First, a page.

The vertex, the common point at which two lines converge – or diverge – , is a primordial element in the graphic representation of all kinds of phenomena. It is first and foremost a graphic symbol, one that in its essence is the synthesis of an event. It marks the point where a road separates, where two rivers come together, where one plane ends and another begins, a change of direction, a fold, a dilemma posed by two possibilities, the branching out of growth and evolution, the cross-linking of a plane, the planar deconstruction of a volume, an itinerary for logical reasoning, computational structure, algorhythmic formulation…
All of these phenomena, along with our language and our thought, can be represented by means of a graphic system thanks to the invention of this most basic element. Even for showing a succession of events in time, such as those in a genealogical tree, the vertex has proven to be the ideal graphic tool.
In architecture, the classic vertex is the right angle. This was not always so, however; primitive cultures tended to prefer the curve, owing in all probability to the greater cohesiveness that the circuar shape offered and to the possibility of placing a dome or cone over it. As Vitruvius explained in his treatise on architecture, it was the Egyptians, Greeks and Romans who consolidated a rectangle-based architecture. Ever since, architects have been subjected to the tyranny of the right angle. For the solution to myriad problems – from apportioning urban property lots and roads, to the economic maximization of space and of prefabricated elements, including the materials themselves (starting with bricks), architects have no choice but accept the practicality of the right angle as an indispensable, given element in their work. This has resulted in a loss of subjectivity, limited expressiveness, standardization and, in a word, normalization.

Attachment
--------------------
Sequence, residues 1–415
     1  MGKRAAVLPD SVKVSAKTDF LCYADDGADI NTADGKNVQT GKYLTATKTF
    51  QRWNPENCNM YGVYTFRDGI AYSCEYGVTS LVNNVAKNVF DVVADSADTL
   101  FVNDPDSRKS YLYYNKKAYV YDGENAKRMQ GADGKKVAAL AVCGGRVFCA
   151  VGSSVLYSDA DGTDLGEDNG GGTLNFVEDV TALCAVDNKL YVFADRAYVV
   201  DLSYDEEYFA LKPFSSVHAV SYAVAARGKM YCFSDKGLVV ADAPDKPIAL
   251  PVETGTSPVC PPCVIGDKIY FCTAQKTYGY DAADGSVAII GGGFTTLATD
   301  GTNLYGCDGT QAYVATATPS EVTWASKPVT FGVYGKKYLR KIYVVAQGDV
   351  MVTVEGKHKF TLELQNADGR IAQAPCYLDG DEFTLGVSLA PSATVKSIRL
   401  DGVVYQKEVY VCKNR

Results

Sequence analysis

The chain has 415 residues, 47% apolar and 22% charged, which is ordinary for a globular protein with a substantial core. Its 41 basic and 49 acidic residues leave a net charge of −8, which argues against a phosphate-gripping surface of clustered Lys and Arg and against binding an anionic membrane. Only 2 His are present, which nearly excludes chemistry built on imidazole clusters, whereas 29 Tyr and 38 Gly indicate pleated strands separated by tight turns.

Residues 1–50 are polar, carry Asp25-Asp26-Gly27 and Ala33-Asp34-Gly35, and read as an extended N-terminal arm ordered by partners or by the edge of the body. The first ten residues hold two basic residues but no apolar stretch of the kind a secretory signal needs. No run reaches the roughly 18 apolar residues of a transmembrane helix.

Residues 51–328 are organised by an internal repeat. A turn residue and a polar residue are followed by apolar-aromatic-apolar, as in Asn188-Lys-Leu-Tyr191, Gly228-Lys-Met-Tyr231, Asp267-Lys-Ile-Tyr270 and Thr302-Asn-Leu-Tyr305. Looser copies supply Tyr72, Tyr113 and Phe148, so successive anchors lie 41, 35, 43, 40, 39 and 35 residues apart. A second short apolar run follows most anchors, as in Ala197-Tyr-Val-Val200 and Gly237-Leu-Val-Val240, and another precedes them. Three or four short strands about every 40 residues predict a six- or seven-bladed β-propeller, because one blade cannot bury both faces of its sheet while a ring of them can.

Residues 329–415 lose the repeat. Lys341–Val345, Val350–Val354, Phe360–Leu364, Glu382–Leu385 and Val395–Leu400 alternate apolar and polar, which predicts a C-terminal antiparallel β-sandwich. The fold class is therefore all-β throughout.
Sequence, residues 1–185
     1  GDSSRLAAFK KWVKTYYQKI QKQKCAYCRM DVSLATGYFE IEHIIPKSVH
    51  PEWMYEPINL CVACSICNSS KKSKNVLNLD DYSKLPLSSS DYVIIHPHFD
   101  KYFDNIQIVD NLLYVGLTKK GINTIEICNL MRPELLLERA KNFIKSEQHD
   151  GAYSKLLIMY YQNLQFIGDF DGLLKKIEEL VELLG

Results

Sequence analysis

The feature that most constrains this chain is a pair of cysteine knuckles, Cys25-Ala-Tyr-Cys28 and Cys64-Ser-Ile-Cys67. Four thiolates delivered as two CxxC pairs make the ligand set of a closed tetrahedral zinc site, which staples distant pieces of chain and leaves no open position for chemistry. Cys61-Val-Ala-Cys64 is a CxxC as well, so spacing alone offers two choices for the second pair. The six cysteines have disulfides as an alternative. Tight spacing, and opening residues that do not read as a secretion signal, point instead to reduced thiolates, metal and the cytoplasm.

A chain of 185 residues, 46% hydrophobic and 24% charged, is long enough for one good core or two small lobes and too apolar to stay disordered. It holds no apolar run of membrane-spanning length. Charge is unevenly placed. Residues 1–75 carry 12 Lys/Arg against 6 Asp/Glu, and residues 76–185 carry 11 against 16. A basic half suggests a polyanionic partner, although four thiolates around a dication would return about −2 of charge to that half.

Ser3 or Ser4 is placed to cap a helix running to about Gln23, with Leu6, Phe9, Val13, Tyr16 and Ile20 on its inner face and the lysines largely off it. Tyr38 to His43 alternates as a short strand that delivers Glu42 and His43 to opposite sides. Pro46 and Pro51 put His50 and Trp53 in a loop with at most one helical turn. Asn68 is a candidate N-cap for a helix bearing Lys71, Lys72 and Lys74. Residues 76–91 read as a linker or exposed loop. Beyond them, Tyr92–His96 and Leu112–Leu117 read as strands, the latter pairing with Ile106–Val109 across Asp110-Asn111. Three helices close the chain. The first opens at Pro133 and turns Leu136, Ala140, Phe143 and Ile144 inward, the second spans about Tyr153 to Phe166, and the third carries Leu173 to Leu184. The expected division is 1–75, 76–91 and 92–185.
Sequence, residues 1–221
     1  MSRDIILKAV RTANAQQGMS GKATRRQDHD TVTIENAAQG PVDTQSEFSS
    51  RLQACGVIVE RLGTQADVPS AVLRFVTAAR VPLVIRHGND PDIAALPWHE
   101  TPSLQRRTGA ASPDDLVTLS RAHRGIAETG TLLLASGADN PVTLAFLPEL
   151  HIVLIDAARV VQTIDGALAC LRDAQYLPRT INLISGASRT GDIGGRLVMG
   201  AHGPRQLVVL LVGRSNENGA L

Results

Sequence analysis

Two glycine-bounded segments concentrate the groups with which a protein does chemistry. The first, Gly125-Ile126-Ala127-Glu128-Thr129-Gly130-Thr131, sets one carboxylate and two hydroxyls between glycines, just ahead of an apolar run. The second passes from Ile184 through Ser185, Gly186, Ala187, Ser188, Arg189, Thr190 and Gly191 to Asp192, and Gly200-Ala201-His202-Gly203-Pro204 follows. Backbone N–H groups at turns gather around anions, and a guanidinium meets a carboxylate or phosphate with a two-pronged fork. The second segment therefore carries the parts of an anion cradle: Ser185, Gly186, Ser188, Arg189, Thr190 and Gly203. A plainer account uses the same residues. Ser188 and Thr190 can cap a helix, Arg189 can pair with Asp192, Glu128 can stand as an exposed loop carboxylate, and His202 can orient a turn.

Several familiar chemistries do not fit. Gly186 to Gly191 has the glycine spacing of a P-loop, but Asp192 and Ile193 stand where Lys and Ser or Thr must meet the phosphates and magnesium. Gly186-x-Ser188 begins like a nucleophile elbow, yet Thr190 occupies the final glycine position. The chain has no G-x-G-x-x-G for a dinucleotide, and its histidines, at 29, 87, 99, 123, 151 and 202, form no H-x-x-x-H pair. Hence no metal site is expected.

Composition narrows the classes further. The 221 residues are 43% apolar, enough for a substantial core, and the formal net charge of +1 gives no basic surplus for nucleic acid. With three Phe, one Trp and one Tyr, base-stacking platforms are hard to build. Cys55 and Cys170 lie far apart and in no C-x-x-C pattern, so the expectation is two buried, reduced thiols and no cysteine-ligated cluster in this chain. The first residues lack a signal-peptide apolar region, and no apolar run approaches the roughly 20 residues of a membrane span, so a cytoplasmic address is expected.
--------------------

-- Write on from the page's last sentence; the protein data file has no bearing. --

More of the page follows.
And yet this game, The Right Angle, gives us a glimpse of the disturbing consequences that can result from this element’s ‘normality’ and ‘objectivity’ when a right angle, instead of being a simple figure devoid of meaning, functions as a kind of accident. A subtle turn, a change in order, a moment’s disturbance, toying with its obvious function; any such action is enough to transform it into a new event – one with unforeseeable consequences.
Is it an inanimate object or is there something in it that gives it life? Could it be that he reminds us of the messenger boy, the newspaper vendor, the shoeshine or the apprentice of any number of jobs – one who depends on his arms and legs to carry out these menial jobs in order to scrape by? Where does our sympathy for an object come from? Where do our emotions spring from -weak and subtle as they may be – where if not from the emotions of life itself and the spirit that animates it?
The novelty of this magnetic Tangram is that it works with a third dimension and includes a new element: the need to strike a balance between the 7 pieces. The attraction between the tans (tangram pieces) is what ultimately sustains the figures and makes their handling so rewarding. As a result the upright figures can be seen and enjoyed from any perspective.
This forest, resembling a bookshelf, includes a wide variety of woods and is made up of 51 pieces, each engraved with the name of the tree that it came from.
The games are limited editions, as they come from the remains of trees that we, together with numerous friends and collaborators, have collected and preserved over time, with a wish to extend their lives. This means that when the wood from one particular tree has been used up, we carry on with that of another tree, making each set and series truly unique.
What makes the Pentaminos fascinating is its initial simplicity, so different from the ennigmas and problems described below. Unlike a 1000-piece puzzle, which has a single solution, the Pentaminos, while consisting of only 12 pieces, has thousands of possible solutions.
Altogether there are twelve different Pentaminos, each designated by a different letter of the alphabet: (F, I, L, N, P, T, U, V, W, X, Y, Z). Pentaminos obtained by joining others at their axis or by rotation are not considered to be ‘different’ Pentaminos.